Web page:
Eight Ways to Keep Up Your Writing Momentum with Anna Staniszewski

Today I’m thrilled to have a guest post by Anna Staniszewski, author of My Very Unfairy Tale Life and its sequels, My Epic Fairy Tale Fail and the latest, My Sort of Fairy Tale Ending (check out the trailer below). Anna’s got another series starting in January, The Dirt Diary. With all those words in print, she knows a thing or two about keeping up writing momentum — actually, she knows eight things — and I’m excited that she’s sharing her secrets here.

Welcome Anna!

Anna Staniszewski

Anna Staniszewski

In my experience, momentum is one of the hardest thing to maintain when you’re working on a novel. If you’re like me, you start a project with a million ideas buzzing around in your brain…and then you get fifty pages in and those ideas feel as flat as pancakes.

How do you keep the momentum going? Here are a few things that have helped me.

Write a synopsis. I’m not an outliner, but it helps me to have a 1-2 page synopsis of the story. Then I can refer back to it when I get stuck and (hopefully) get excited about the idea again.

Have a deadline. It’s unbelievably motivating if someone is expecting the manuscript by a certain date. So if you need a push to keep going, try promising the book to a friend, for example.

Just write. This advice might sound obvious, but sometimes I get so caught up in how a novel isn’t working that I forget to just sit down and write through it. You’d be surprised how many ideas work themselves out while you keep forging ahead.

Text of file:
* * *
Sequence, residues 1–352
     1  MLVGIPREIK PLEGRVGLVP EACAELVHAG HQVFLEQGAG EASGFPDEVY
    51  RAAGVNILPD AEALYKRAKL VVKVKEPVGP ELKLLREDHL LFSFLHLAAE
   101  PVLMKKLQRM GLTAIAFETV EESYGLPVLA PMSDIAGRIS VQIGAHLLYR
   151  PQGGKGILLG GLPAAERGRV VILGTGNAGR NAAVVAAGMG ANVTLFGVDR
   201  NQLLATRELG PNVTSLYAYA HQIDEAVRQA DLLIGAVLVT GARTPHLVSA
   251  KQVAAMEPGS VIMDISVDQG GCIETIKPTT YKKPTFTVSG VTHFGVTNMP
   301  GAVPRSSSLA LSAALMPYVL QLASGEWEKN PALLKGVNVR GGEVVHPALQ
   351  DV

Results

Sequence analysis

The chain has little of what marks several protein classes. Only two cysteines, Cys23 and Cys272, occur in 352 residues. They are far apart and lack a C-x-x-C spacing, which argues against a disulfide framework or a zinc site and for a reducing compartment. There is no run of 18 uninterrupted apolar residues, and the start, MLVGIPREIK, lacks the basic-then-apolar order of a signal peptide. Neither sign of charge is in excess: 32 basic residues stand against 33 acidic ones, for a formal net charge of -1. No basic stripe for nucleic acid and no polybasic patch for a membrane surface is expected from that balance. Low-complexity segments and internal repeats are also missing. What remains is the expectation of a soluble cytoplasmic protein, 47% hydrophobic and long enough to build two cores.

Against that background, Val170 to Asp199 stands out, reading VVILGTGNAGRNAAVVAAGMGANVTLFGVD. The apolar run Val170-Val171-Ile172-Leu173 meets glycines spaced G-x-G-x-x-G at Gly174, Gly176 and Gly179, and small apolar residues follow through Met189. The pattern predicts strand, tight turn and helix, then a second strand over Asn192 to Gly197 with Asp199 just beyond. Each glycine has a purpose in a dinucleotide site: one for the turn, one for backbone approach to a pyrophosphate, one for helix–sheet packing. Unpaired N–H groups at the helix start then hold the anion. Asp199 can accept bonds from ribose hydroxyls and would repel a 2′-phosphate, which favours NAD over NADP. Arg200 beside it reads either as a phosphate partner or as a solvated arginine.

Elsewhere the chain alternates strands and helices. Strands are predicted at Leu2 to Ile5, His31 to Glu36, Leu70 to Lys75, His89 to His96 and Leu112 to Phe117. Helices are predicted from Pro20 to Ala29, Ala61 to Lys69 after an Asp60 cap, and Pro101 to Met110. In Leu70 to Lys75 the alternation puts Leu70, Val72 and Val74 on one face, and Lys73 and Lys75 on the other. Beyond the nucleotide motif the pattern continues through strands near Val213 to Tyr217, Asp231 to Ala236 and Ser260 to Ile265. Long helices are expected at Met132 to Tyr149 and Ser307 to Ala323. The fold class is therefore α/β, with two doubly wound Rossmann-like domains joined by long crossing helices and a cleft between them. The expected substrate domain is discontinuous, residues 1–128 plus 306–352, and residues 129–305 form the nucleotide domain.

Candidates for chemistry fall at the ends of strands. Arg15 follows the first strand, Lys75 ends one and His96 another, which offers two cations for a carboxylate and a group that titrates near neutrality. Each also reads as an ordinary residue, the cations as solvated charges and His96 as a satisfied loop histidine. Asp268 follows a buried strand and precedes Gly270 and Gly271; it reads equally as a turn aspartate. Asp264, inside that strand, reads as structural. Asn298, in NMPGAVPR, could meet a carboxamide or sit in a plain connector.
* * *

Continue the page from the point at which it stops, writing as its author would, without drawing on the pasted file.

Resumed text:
My Sort of Fairy Tale EndingSet a timer. Don’t put pressure on yourself to write for hours. Set a timer for twenty minutes and really commit to your novel for that amount of time. You may just find a spark that will help you keep going.

Celebrate small victories. You finished that tricky scene? Yay! You finished a whole chapter? Double yay! Sometimes the only way you’ll get through the big stuff is to celebrate the small stuff.

Have a carrot. By “a carrot,” I mean a reward that keeps you going. For me, the carrot is the promise of working on a shiny new project once I finish the one I’m writing. Find whatever will motivate you (a fun outing, a chocolate cake, etc.) and use it to keep yourself on track.

The most important thing: Don’t get discouraged. You won’t love your book every day. Sometimes you might even hate it. Do whatever you can to keep writing because there is seriously no better feeling than typing “The End.”

The End.  (See? Small victories.)

Thank you, Anna!

Click to check out the awesome trailer for My Sort of Fairy Tale Ending.

Born in Poland and raised in the United States, Anna Stanszewski grew up loving stories in both Polish and English. She was named the 2006-2007 Writer-in-Residence at the Boston Public Library and a winner of the 2009 PEN New England Susan P. Bloom Discovery Award. Currently, Anna lives outside of Boston with her husband and their black Labrador, Emma.

When she’s not writing, Anna spends her time teaching, reading, and challenging unicorns to games of hopscotch. She is the author of My Very UnFairy Tale Life and its sequels, My Epic Fairy Tale Fail and My Sort of Fairy Tale Ending, all published by Sourcebooks Jabberwocky. Look for the first book in Anna’s next tween series, The Dirt Diary, in January 2014, and visit her at www.annastan.com.

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